Wednesday, February 26, 2014

And I Still I Smile

It's hard to explain, but my brain is having a very hard time. It's issues with word finding, writing (transposing letters, omitting words), forgetting what I'm doing, bouts of lightheadedness, and organizing thoughts. If I hadn't just gotten good scan results I would believe wholeheartedly that the tumor was growing back for a third time. Of course, these issues have been around since the first brain surgery, however, in the past month and a half it has been increasingly worse. I've tried naps. I've tried cutting back on communication (to rest the brain). I've cut back on activities. I've fiddled with my diet. I've analyzed any changes that may be the culprit. I've discussed it with Dan at length, multiple times, to no avail. I'm just beat. So tired. All the time.

I'm used to being exhausted, but when my brain doesn't work properly it's confusing, distracting, scary, and most of all disheartening. For over a month I have felt trapped in a brain that has gone rogue. I have little control. I can't make it do what I need it to do. I'm just along for the ride, terrified in the passenger seat.

I try to push through, to shower, to create a meal, to do dishes, to pick up the house, each task a triumph. A success. That's what I'm diminished back to, back to the months after surgeries. I keep finding myself in the kitchen, knowing I was washing dishes, but I'm looking at the dirty dishes confused as to what to do with them. I know I need something to do whatever it was I was going to do but I'm lost. I'm confused. I stop. I go back to the couch to rest. I think, and think, and then I wonder, was it a sponge I needed? Is that why I couldn't finish my task? But I don't go back. I know my brain is too exhausted to endure more of the riddle that is my life.

I just want to get back to exercising, to reading and laughing (okay, I'm still laughing), to doing normal tasks without the fear of a brain going haywire. There is such a beauty in completion. The joy of accomplishing things, it doesn't matter if they're little or large, is energizing.

Just talking wears me out. And that used to be one of my favorite things. I hope this is just a phase. That's why I haven't said anything. Holding on to hope that it will get better. In the meantime, please forgive my lack of communication. I have so many posts that I need to write about, like the Oscar Party Fundraiser this Sunday, or the Hoedown Fundraiser on March 22nd the evening of the Run Ladies Run. I'm just tired, so tired, but my brain is angry, and it's taking prisoners. I feel like it might not be long before I'm swallowed whole.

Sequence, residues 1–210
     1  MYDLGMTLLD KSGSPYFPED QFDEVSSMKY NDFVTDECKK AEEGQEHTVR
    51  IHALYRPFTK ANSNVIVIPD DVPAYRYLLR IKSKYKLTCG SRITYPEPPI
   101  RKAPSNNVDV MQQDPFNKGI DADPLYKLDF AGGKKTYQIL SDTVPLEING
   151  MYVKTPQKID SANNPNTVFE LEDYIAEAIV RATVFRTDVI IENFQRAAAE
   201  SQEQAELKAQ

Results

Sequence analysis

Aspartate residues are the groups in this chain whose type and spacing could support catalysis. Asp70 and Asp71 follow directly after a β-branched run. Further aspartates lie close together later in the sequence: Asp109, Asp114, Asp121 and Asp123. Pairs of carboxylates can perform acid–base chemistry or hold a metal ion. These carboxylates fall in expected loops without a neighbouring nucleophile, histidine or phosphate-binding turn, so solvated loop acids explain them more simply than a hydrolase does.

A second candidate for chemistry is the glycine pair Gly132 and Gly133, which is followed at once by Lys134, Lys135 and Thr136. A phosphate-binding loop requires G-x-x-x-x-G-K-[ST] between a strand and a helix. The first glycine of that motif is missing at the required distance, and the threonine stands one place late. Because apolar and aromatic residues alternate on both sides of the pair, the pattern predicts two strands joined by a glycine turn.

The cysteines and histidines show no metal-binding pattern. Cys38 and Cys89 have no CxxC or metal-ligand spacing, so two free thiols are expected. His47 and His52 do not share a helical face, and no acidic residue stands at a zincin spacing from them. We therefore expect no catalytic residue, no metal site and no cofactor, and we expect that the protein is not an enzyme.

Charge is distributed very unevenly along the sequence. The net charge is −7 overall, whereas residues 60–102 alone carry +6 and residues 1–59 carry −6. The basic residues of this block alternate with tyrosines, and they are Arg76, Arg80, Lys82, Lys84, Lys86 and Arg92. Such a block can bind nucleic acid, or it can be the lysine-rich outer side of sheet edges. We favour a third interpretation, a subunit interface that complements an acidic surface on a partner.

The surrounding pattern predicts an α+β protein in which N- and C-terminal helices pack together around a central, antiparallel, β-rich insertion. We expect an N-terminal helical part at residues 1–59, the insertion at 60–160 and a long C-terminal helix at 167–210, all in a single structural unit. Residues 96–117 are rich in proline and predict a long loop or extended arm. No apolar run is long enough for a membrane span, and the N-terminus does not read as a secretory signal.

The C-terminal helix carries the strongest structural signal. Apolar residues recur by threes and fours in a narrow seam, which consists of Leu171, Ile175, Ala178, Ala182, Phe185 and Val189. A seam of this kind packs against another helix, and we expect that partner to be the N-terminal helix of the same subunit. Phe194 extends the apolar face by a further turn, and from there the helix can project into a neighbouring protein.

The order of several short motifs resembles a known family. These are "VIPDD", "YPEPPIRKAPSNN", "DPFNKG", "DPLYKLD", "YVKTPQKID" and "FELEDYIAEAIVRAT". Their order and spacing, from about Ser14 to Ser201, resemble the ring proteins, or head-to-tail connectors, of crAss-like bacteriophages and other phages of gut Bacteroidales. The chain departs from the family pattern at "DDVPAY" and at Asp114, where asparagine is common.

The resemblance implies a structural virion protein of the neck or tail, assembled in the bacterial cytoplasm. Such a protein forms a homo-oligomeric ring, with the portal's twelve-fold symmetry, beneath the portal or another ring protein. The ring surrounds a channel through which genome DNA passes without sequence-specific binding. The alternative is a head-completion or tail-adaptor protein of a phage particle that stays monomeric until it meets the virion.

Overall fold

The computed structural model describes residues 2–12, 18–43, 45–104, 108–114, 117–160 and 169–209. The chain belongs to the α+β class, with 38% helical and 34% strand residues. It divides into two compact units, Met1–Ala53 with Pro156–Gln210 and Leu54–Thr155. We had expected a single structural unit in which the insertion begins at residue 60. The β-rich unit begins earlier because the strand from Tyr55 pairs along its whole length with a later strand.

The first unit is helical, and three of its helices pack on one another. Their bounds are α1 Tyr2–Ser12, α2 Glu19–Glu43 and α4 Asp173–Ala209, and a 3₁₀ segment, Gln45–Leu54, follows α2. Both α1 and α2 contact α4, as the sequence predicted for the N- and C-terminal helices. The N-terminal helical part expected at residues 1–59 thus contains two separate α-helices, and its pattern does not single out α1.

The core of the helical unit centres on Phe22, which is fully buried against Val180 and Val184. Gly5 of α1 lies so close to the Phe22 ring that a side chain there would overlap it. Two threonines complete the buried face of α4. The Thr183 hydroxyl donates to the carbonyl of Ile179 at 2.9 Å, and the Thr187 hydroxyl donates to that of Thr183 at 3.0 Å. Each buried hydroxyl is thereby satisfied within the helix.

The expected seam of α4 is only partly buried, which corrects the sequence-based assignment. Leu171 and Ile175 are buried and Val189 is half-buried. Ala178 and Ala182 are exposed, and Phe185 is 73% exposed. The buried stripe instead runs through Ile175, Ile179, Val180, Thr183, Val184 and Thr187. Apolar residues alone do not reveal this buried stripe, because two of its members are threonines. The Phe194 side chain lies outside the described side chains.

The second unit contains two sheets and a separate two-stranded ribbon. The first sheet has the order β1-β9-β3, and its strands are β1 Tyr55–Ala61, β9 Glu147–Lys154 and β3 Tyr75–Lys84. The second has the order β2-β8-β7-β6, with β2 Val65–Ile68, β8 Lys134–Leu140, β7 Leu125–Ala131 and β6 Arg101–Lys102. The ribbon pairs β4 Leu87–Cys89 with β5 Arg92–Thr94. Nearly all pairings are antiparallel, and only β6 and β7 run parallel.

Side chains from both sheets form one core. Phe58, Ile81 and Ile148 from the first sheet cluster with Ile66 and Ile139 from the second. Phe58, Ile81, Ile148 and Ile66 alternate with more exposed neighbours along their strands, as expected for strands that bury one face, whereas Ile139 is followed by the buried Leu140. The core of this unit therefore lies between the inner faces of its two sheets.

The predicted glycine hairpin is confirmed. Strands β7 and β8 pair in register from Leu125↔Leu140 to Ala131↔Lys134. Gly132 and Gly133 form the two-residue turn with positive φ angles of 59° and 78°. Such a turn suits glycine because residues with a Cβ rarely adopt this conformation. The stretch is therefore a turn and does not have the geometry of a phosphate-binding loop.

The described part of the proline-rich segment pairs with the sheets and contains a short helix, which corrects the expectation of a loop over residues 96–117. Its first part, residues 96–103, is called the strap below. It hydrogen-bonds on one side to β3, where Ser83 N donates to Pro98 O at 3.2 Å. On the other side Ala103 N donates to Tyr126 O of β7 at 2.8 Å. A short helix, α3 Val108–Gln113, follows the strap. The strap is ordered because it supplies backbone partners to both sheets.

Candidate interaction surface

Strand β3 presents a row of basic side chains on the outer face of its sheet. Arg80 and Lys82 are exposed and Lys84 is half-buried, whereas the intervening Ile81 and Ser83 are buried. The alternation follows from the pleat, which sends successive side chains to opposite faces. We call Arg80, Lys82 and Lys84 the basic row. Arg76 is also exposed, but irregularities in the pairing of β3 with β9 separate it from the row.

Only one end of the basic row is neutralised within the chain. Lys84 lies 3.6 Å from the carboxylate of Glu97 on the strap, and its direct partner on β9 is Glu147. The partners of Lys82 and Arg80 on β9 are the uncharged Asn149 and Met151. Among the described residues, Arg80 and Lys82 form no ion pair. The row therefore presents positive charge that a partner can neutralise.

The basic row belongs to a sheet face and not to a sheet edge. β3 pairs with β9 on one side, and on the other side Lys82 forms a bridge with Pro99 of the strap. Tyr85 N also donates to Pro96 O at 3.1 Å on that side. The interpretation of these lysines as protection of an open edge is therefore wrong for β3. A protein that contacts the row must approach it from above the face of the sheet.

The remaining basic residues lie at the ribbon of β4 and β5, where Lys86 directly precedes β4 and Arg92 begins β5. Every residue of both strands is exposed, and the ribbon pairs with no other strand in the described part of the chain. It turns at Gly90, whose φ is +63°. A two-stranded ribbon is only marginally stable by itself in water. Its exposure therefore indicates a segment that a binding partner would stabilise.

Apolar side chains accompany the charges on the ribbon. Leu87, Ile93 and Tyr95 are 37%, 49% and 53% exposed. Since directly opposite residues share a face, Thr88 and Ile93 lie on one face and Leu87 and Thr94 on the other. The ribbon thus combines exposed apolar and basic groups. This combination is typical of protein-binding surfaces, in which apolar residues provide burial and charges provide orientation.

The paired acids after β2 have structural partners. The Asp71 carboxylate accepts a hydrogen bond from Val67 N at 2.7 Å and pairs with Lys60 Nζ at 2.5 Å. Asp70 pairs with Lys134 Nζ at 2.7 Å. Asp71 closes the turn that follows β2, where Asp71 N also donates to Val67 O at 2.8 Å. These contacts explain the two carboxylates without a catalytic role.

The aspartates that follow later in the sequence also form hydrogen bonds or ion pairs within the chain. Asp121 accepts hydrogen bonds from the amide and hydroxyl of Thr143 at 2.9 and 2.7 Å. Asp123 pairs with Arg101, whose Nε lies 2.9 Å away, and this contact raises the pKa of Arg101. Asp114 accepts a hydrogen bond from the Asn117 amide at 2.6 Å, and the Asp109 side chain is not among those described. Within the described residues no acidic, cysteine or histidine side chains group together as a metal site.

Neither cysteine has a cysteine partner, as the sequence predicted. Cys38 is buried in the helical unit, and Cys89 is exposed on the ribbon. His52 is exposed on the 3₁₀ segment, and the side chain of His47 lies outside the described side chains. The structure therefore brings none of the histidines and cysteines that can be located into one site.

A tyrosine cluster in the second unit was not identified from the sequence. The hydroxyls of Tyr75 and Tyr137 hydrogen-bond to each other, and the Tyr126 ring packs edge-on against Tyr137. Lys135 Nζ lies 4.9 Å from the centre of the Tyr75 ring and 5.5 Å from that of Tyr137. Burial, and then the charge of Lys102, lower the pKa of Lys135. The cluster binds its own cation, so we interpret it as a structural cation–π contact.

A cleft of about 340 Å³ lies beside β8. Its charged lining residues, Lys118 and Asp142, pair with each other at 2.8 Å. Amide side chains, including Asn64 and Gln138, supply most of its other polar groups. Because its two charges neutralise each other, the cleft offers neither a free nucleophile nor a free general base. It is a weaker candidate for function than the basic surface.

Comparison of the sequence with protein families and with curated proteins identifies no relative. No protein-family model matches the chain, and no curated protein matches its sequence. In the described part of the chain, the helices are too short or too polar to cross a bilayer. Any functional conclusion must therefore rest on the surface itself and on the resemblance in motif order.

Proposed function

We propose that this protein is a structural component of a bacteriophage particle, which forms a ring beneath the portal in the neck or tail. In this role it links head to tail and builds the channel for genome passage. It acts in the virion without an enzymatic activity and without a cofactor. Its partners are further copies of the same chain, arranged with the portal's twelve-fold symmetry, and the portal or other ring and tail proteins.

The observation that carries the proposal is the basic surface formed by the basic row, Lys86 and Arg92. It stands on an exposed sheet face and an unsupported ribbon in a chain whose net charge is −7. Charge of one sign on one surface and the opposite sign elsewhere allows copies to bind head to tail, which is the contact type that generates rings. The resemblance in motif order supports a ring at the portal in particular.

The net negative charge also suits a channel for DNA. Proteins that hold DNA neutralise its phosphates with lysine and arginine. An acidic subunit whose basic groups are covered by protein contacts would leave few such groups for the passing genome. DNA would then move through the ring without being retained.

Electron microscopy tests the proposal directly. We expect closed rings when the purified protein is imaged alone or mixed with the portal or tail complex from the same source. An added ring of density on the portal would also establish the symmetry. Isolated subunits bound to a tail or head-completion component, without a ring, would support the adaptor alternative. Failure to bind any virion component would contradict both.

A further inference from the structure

My sister-in-law Courtney is amazing. No Joke. She is spearheading all of these amazing events, and I am so grateful. I just did the math for some paperwork, and in 2013 just in newcastle disease virus shots and subsequent travel, I spent upwards of $78,500. I hadn't wanted to even look at the numbers, but I had to, and man was I shocked. I haven't added all the other costs of supplements, medications, medical bills, MRI's and radiology reports. It's all too ugly to obsess over. To even acknowledge. These days it's more important to figure out why I can't get my hand to work to unbutton my jeans to go potty. What changed?

Do these new changes effect my life? Clearly. Does it stop me? No. Does it slow me down? Of course. But I keep finding ways to smile. Here are some pictures from the past week.

Valentine Tulips From My Love

Pad Thai From Scratch For Danny: A Major Feat. Success!

Free Parts For The Chandelier I Want To Make

4 comments:

  1. I feel for you Jess. Brain fog from cancer treatment and/or surgery can be difficult and frustrating at how long it takes to overcome it. My children had a hard time dealing with my brain fog at first and then once they understood what and why it was happening were able to deal with me and my brain fog. It did take time to get better, so have patience. Your family and friends understand what you are going through and are a lot more forgiving and far more flexible than you may give them credit for. We expect far more our of ourselves than others do. You are an intelligent person and expect a lot out of yourself. I think that you are doing a great job and I am sure that your family and friends love you just as much -with or without a little brain fog. Best wishes,
    Jim

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  2. So really you are used to being supergirl, and now you are on the same plain as the rest of us! I feel like you are so amazing, and resilient, this will pass. It is a lesson in patience (not my best trait!) I agree with the above post, right on. When I am overwhelmed I find myself turning to prayer, needing guidance, seeking answers, sometimes just looking for some comfort. I pray this day for all these things for you sweet girl. Look in the mirror, that is one of God's great miracles straring back at you!!! Blessings<3

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  3. Sometimes I can't unbutton my pants to go pee but that is for a different reason ;)

    You are right, Courtney is amazing and loves the heck out of you Jess. She has been smiling from ear to ear while procuring items for this upcoming fun-raiser and we are all more than happy to attend, celebrate, donate and toast to you this Sunday.
    ~Erin

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  4. Hi Jess, Is it possible that the Newcastle virus or venom are having a negative effect? Instead of attacking tumor they are attacking normal brain? Just wondering and worried about your symptoms. Love Katie

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